Fourteen Ways to Avoid a Slip
A slip is the most painful thing that can happen to
an SCA member, yet it is the most natural thing in the world for a sexual
compulsive to seek instant gratification. Our disease is cunning, baffling
and insidious, and is always seeking out new ways to trick us into
Predispositions to a Slip
There is a "predisposition" to a slip that we can't
always recognize, though sometimes it can be sensed by others. It might
include being irritable, depressed, unconnected. And we slyly work this
predisposition up. In fact, when we have a slip, it is almost always
because we talk ourselves into it. Therefore, what we need to do is learn
to break deep-rooted habit patterns.
Here are some of the times when our defenses may be
- When things go badly.
- When things go well.
- When we visit our families.
- When we come back from visiting our families.
- When we're avoiding making decisions.
- When we feel overwhelmed by things -- sometimes
even the program itself.
- When we're in a relationship.
- When we're not in a relationship.
- When our sexual recovery plan isn't working
properly for us.
- When we're being Secretive, or are involved in
anything Abusive (to ourselves or others), or are out of touch with our
Feelings, or are feeling Empty (SAFE).
- When we're Hungry, Angry, Lonely, Tired (HALT).
Danger Signals to Watch For
Sexual compulsion is a thinking disease and easily
gains complete control of our mental processes. It has a way of persuading
us that we want to act out even when we don't. Therefore we have to learn
to be as alert and cunning as the disease is. Each of the following danger
signals will not apply to every member, but we should all be able to
identify with some of them:
- Wanting a cigarette or a drink.
- Compulsive staring.
- Compulsive watching of TV or movies.
- Compulsive shopping, eating, doing crossword
- Cutting off communication and starting to
- Letting go of the spiritual side of things.
- Abandoning ourselves, walking out on ourselves.
- Cutting down on meetings.
- Indulging in Stinkin' Thinkin' (What's the use;
Everyone's against me).
- Letting our self-image slip. We begin to
reinforce behavior that will consistently pull us down. We abandon
healthy disciplines: we don't shave or brush our teeth, don't do our
exercises, don't make our phone calls, don't clean our homes.
- Beginning to lie -- to ourselves and other
people. We have a lot of secrets, including irrelevant, unimportant
ones. We don't want to come out of the shadowy world into the real one,
so we need to maintain the "unreal" aspect of it in every way we can.
- Looking for escapes from various areas of our
The Number One Offender
Paraphrasing AA literature, we can say that
resentment is the number one offender. It destroys more sexual compulsives
than anything else. Because what better way do we know to "get even" than
by acting out? It begins to seem a solution, a weapon, a means of revenge.
A way to make people see how they've hurt us.
Consciously or unconsciously, we seek out reasons to
justify a slip. "Our life is turning sour." "Nobody understands us."
"Nothing is going right."
We feel lonely and hurt, and begin wanting to get
back at people: the man in the street who bumped into us, our bosses, our
lovers, our parents, ourselves. Even God. (After all, God is responsible
for our feeling so hurt and disappointed, right? Then God should be hurt
and disappointed, too.)
Our anger feels righteous, and we cling to it.
Nothing is going to make us give it away. And when we note the beginning
symptoms of sexual compulsion, they only make us angrier.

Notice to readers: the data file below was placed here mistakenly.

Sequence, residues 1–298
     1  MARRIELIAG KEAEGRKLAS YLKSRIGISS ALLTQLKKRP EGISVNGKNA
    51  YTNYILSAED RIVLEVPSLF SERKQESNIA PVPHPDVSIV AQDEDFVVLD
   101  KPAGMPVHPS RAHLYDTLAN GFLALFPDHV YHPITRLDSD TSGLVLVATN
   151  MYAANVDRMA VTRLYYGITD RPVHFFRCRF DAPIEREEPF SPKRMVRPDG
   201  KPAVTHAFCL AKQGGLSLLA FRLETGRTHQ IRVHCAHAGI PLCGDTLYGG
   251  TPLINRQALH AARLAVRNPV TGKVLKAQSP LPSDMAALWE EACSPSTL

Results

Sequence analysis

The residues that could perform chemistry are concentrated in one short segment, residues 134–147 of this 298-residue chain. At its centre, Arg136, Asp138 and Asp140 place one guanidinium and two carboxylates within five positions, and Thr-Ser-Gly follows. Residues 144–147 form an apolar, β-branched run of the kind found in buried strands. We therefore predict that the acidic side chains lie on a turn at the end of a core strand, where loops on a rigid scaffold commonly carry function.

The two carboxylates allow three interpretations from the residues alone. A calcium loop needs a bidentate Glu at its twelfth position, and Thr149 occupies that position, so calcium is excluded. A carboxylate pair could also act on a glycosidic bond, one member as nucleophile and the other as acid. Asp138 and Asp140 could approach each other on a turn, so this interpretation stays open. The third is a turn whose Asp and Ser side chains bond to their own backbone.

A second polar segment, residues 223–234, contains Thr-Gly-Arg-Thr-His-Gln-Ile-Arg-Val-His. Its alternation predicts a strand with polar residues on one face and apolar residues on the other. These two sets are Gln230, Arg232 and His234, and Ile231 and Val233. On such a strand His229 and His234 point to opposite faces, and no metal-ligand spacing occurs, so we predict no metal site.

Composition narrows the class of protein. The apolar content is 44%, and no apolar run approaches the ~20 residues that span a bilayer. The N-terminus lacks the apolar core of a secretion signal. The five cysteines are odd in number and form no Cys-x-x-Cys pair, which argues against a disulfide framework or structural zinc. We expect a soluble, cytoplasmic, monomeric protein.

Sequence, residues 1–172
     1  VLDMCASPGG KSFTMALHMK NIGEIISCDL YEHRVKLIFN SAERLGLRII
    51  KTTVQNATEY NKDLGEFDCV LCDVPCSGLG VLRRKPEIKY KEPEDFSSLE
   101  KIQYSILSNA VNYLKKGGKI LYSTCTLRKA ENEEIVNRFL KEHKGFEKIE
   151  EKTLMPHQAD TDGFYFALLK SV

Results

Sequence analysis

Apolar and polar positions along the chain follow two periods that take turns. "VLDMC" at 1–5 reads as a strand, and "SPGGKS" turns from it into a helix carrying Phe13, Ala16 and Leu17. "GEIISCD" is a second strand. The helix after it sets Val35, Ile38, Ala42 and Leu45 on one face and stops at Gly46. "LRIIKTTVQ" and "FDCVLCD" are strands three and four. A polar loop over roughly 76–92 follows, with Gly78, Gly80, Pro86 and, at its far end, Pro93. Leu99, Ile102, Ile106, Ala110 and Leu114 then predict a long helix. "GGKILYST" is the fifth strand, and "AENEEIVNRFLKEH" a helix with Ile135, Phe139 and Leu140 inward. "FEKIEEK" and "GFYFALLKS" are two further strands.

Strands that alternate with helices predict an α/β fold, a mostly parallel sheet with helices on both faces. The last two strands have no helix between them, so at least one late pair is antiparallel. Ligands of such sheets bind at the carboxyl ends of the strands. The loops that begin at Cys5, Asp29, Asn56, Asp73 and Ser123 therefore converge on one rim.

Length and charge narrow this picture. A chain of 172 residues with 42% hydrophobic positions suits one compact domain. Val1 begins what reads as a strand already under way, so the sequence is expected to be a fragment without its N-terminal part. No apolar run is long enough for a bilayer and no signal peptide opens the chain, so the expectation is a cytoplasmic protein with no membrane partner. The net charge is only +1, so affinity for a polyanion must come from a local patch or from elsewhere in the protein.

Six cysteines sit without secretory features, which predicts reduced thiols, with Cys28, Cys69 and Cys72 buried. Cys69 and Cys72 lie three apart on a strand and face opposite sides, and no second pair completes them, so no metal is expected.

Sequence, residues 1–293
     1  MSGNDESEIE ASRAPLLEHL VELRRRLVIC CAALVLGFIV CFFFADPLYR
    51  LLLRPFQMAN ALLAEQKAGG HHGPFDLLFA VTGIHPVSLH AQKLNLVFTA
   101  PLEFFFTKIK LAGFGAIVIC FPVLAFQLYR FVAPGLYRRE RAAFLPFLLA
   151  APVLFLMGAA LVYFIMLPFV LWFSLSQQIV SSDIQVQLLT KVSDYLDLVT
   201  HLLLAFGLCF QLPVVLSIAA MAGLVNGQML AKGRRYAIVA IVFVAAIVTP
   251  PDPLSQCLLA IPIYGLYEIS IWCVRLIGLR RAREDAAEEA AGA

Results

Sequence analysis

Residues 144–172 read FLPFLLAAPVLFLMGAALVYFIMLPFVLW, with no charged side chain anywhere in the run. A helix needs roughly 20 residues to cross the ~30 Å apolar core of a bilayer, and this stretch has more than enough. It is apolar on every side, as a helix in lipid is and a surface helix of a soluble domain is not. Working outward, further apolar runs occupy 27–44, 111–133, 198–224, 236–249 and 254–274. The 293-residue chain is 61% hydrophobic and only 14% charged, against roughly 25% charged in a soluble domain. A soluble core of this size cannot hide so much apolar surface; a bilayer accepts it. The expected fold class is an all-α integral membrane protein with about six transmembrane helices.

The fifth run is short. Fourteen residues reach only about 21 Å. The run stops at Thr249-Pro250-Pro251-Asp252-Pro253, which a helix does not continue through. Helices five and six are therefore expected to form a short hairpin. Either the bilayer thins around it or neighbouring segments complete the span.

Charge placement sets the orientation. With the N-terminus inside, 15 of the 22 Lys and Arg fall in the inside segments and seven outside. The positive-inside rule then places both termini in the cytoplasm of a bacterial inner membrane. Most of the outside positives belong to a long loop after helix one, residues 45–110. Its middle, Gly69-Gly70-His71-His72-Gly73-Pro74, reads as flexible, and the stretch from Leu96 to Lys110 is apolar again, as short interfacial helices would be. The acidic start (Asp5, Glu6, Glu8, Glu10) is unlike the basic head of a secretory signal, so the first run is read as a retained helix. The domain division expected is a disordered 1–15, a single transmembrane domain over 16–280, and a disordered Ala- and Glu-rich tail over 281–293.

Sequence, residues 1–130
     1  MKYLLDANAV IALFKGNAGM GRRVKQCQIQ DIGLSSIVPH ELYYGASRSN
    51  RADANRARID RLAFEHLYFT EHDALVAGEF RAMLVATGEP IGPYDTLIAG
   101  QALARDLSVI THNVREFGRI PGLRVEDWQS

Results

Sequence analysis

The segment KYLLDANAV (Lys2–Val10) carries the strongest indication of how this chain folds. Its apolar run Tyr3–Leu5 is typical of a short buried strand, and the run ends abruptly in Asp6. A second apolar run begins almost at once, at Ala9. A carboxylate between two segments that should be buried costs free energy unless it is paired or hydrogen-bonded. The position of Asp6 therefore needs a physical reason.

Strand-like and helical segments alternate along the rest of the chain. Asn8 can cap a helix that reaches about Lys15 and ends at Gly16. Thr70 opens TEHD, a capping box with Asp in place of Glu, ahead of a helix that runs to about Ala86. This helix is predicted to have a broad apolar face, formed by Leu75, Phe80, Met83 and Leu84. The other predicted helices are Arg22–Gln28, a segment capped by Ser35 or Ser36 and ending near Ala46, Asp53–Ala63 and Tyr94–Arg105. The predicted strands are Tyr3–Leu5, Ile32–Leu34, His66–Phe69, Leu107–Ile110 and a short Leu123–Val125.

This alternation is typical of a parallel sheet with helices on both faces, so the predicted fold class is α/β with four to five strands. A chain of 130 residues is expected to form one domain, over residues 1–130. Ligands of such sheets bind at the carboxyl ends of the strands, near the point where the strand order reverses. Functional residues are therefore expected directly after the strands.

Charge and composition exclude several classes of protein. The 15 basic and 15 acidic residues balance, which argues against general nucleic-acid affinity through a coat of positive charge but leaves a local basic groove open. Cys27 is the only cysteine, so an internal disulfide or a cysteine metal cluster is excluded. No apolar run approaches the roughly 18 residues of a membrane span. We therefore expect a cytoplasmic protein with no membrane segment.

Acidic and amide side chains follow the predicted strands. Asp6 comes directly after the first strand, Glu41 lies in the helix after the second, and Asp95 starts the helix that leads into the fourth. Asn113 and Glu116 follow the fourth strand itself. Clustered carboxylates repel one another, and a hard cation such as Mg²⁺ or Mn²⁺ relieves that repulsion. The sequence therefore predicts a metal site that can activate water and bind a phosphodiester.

We start blowing up at people. Or else we suppress
the anger, imploding instead of exploding. On the outside we may appear
quite calm and reasonable while inside we're simmering with pain and
Instead of finding ways to heal the situations that
are causing the distress, we feed on our resentment in a continuing
downward spiral. We secretly don't want to mollify the anger, because it
does for our compulsion what lighter fluid does for a campfire. Gradually
all the good things about our life lose meaning for us, opening wider and
wider the path for sexual compulsion to come raging in, unchallenged.
The Start of the Slip
The process begins to intensify. A mysterious force
seems to be taking us over, and we become fascinated by it, slowly letting
go of healthy disciplines and slipping into an almost hypnotic state.
These are some of the "rituals" we may indulge in that subtly undermine
our healthy thinking:
- We begin to masturbate compulsively.
- We go out without underwear.
- We wander around inappropriate neighborhoods.
- We miss meetings we planned to attend.
- We avoid SCA contacts.
- The thought of going to a meeting seems
threatening: it's the last thing we want to do.
- We begin dwelling on past adventures.
- We try on our "acting-out" clothes.
- We begin brooding over pornography.
- We start rationalizing the slip. "I'm getting
older." "Married people have sex all the time." "I've had a miserable
- We don't want to make a phone call. We don't want
to give the slip away or have anybody taking it from us.
- We're full of denial. We tell ourselves that
we're not really sexual compulsives at all: everybody does these things,
it's perfectly normal to go out and have a good time.
- Or we have thoughts like, "I'm not like all those
other people in SCA, they could never understand me and my needs. It's
my private thing and I have the right to it."
- SCA begins to seem the enemy. "They're all so
self-righteous." "It may be good for them but not for me." "They're
- We tell ourselves we're only going out to have a
look. Or that we'll only act out this one time, tonight, and go back to
All of a sudden we seem to be on automatic drive.
Our feet start taking us to places we didn't mean to go. There's still a
chance to pull ourselves out of the slip. But that feels like the last
thing we want to do.
How to Get Out of a Slip
We have to become willing to tolerate the discomfort
of a frustrated impulse -- an incredibly difficult thing to do. Because
not acting out is like developing a new muscle. It feels there's something
wrong, we're being brainwashed, we're making a terrible mistake.
Ironically, many of us sexual compulsives seem on
the surface to be easygoing and flexible people. But when it comes to
changing our minds about acting out, it would appear no force on earth can
stop us. Here are some practical steps designed to break through the
sexual compulsive's "whim of steel."
- Pick up the phone. Don't tell yourself people